If you attended the RSNA Annual Meeting last week, there’s a good chance that your feet are still sore from walking from session to session, your voice may be a bit hoarse, and your to-do list overflowing with follow-up items. Like every year, RSNA brings together the entire radiology world ranging from physicians to technicians, to IT staff, vendors, consultants, investors, students, and more! It is really a one-stop shop for every medical imaging related conversation that you could dream of having.
While we saw many familiar faces at RSNA, we wanted to share some of the new buzz happening around booth #1122.
Enabling access to imaging across departments and facilities is critical to speeding up communication among medical staff and was a major topic of discussion at RSNA. A successful image management strategy not only covers imaging acquisition but also the return of valuable information to the referring network or directly to the patient. Leading up to the show, Ambra Health announced that Cincinnati Children’s Hospital, Johns Hopkins Medicine, and Weill Cornell Medicine had selected Ambra’s best-in-class imaging solutions. The latest wave of leading enterprise customers marks significant growth for Ambra, which has continued to expand its platform to deepen patient engagement and accessibility, including a new app launched last month and new patient portal capabilities.
During Google’s corporate symposium, Ambra Health CEO, Morris Panner, shared a new collaboration between Ambra and Google Cloud to advance healthcare research with anonymized medical imaging data. Leveraging Google Cloud’s Healthcare API, the Ambra Health Cloud PACS solution for Google Cloud allows researchers to turn data into insights by easily de-identifying patient medical imaging data for use in research studies. Leading academic medical centers are among the first research institutions to use the solution to enable machine learning research to improve patient care. Dr. Curt Langlotz MD, Ph.D., Director of Stanford’s New Artificial Intelligence Laboratory demoed the technology allowing these projects to take place at the Google booth. You can read more in the Google Cloud Partners case study here.
Morris also spoke at the Amazon Web Services event on Wednesday evening where he highlighted how partnering with Amazon AWS provides the flexibility and infrastructure for a new world of healthcare opportunities.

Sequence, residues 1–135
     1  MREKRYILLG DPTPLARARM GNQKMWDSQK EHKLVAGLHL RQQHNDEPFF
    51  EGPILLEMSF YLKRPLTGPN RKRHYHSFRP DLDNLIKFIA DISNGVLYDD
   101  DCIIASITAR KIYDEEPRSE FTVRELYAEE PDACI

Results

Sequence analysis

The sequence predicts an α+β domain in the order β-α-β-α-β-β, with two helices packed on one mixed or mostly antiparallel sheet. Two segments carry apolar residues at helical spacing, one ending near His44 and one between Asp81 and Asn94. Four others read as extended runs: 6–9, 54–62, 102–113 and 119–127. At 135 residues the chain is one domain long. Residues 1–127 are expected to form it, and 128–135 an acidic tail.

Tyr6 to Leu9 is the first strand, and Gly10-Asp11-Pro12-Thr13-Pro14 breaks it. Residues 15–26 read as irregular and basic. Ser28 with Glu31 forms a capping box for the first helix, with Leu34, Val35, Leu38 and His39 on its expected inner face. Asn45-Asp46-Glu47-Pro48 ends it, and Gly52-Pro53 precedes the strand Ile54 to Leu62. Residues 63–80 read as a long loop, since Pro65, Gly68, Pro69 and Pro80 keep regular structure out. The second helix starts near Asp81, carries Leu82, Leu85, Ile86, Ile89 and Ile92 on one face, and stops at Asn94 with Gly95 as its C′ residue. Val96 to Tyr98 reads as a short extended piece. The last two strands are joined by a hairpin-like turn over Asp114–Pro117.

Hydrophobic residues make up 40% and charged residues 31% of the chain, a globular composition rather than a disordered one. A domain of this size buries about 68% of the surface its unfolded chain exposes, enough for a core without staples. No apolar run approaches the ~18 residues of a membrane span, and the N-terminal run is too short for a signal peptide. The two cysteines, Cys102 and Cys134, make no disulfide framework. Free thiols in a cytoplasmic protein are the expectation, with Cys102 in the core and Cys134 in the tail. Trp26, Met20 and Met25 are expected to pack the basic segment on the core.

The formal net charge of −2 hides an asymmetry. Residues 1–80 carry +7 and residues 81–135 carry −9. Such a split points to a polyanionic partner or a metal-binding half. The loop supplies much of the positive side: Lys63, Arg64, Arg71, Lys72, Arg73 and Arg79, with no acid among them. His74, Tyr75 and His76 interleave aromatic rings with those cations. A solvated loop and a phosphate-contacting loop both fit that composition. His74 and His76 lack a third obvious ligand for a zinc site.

Ambra was honored to host the 2nd annual RADxx awards. The RADxx Awards recognize the achievements of women in the field of medical imaging informatics, as well as anyone— both men and women— who have supported the career advancement of women in medical imaging informatics. Informatics is a fast-growing discipline within healthcare as new technology and increased amounts of patient data converge. Applying that practice to medical imaging requires additional expertise that bridges the gap between patient care, physician workflow, imaging operations, and technology solutions. Award winners were selected by the RADxx executive committee from eligible submissions.
One of the most exciting stories that Ambra was looking forward to sharing at RSNA was the collaboration between Google Cloud, RAD-AID, and Ambra’s cloud PACS software to bring a digital radiology infrastructure to a rural children’s hospital in Laos. Ambra Health’s, Erin McGee, Manager, Professional Services spent two weeks in Laos getting the Cloud PACS software up and running. She shared her story at the Google booth, and you can read more about it in her guest blog post.
Today, imaging, whether taken at the facility or sent from other hospitals, is routed to the cloud for secure image viewing, collaboration, and for the technologists to make comments in the reports. CR and US scans from Lao Friends Children’s Hospital (LFHC) are being sent directly to the Friendship PACS in addition to CTs being taken at the government hospital across the street. Imaging is then sent to the Google Cloud for archiving and a teleradiology workflow which allows the LFHC radiology team, trained by a few years of observation and experience, to provide comments on abnormal scans and flag scans that need additional review by an outside US-based volunteer radiologist.
Read the case study for more details and be sure to check out the video below.